Climate warming due to humans is highly uncertain says new paper in Science

The level of uncertainty in this supposedly “settled” science never fails to amaze. But I observe that it is beginning to be politically acceptable to talk about the uncertainties and even – as in this paper – to begin to question the significance of human activities on climate.

“Climate Effects of Aerosols-Cloud Interactions. Daniel Rosenfeld, Steven Sherwood, Robert Wood, Leo Donner. Science VOL 343, 24 JANUARY 2014

Abstract: Aerosols counteract part of the warming effects of greenhouse gases, mostly by increasing the amount of sunlight reflected back to space. However, the ways in which aerosols affect climate through their interaction with clouds are complex and incompletely captured by climate models. As a result, the radiative forcing (that is, the perturbation to Earth’s energy budget) caused by human activities is highly uncertain, making it difficult to predict the extent of global warming (12). Recent advances have led to a more detailed understanding of aerosol-cloud interactions and their effects on climate, but further progress is hampered by limited observational capabilities and coarse-resolution climate models.

The paper is behind a pay-wall but the accompanying press release begins “The warming effect of human-induced greenhouse gases is a given, but to what extent can we predict its future influence?”. I have no doubt that “greenhouse gases” in the atmosphere have a small warming effect but evidence is still lacking even for this simple statement because the carbon balance of the earth is still far from certain and the extent to which fossil fuel combustion contributes to the carbon dioxide concentration is still not certain. So while the warming effect of  greenhouse gases is established, its magnitude is not and the impact of humans on the concentration is also not yet certainly established. In fact, the primary contributors to the “greenhouse effect” are still water vapour and clouds but clouds also cause significant cooling by blocking insolation. Carbon dioxide by itself is almost of minor consequence and the weakness of climate models has always been that they make unjustified assumptions for the forcing effects of carbon dioxide. The pause in warming over the last 17-18 years and the slight decline in global temperatures for the last decade – while carbon dioxide concentrations have been steadily increasing – is a further indicator that the warming effect of carbon dioxide has been grossly exaggerated.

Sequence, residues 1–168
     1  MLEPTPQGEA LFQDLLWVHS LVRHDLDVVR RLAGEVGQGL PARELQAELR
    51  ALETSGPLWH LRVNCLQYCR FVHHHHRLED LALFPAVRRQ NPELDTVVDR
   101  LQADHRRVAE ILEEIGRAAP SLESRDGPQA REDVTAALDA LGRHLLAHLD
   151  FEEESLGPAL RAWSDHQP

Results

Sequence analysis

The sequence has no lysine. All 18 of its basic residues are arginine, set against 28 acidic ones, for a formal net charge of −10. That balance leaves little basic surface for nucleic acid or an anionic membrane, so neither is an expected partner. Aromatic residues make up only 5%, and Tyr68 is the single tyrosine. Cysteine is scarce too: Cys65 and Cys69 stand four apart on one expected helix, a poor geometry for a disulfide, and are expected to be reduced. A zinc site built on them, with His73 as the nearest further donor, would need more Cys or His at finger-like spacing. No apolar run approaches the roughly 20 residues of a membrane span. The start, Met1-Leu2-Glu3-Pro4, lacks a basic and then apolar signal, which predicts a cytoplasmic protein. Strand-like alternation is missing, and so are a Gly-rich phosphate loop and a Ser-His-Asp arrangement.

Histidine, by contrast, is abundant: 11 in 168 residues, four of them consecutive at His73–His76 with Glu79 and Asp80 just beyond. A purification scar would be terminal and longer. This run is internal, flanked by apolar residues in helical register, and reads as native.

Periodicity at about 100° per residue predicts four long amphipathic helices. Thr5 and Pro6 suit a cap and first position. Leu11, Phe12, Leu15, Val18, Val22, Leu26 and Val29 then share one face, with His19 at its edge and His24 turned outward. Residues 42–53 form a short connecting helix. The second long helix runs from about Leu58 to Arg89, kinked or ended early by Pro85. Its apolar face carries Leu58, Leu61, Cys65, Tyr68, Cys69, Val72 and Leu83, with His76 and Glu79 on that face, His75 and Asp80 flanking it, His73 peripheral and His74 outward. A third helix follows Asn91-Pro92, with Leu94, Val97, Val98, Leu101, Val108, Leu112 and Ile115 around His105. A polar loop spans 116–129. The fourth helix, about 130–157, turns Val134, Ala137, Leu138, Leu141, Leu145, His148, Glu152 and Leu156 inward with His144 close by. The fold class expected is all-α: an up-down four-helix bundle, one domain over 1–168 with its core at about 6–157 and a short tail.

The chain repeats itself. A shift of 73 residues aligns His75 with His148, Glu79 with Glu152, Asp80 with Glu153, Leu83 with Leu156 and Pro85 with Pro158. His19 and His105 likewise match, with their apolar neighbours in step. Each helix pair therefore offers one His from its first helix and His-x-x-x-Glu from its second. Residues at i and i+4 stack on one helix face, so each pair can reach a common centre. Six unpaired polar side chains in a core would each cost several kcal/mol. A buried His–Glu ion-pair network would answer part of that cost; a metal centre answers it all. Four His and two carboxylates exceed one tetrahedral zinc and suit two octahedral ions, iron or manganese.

The Press Release goes on:

…… Indeed, one could say that the picture is a “cloudy” one, since the determination of the greenhouse gas effect involves multifaceted interactions with cloud cover.

To some extent, aerosols –- particles that float in the air caused by dust or pollution, including greenhouse gases – counteract part of the harming effects of climate warming by increasing the amount of sunlight reflected from clouds back into space. However, the ways in which these aerosols affect climate through their interaction with clouds are complex and incompletely captured by climate models, say the researchers. As a result, the radiative forcing (that is, the disturbance to the earth’s “energy budget” from the sun) caused by human activities is highly uncertain, making it difficult to predict the extent of global warming.

And while advances have led to a more detailed understanding of aerosol-cloud interactions and their effects on climate, further progress is hampered by limited observational capabilities and coarse climate models, says Prof. Daniel Rosenfeld of  the Fredy and Nadine Herrmann Institute of Earth Sciences at the Hebrew University of Jerusalem, author of the article in Science. ….. 

Their recent studies have revealed a much more complicated picture of aerosol-cloud interactions than considered previously. Depending on the meteorological circumstances, aerosols can have dramatic effects of either increasing or decreasing the cloud sun-deflecting effect, the researchers say. Furthermore, little is known about the unperturbed aerosol level that existed in the preindustrial era. This reference level is very important for estimating the radiative forcing from aerosols.

Also needing further clarification is the response of the cloud cover and organization to the loss of water by rainfall. Understanding of the formation of ice and its interactions with liquid droplets is even more limited, mainly due to poor ability to measure the ice-nucleating activity of aerosols and the subsequent ice-forming processes in clouds.

Needless to say they end up asking for more funds:

While it is unfortunate that further progress on understanding aerosol-cloud interactions and their effects on climate is limited by inadequate observational tools and models, achieving the required improvement in observations and simulations is within technological reach, the researchers emphasize, provided that the financial resources are invested. 

Advertisements

Tags: , , , ,

3 Responses to “Climate warming due to humans is highly uncertain says new paper in Science”

  1. The Grey Enigma Says:

    Reblogged this on The Grey Enigma.

  2. Richard M Nixon (Deceased) Says:

    Reblogged this on Dead Citizen's Rights Society.

  3. sherayx Says:

    Reblogged this on SherayxWeblog.

Comments are closed.


%d bloggers like this: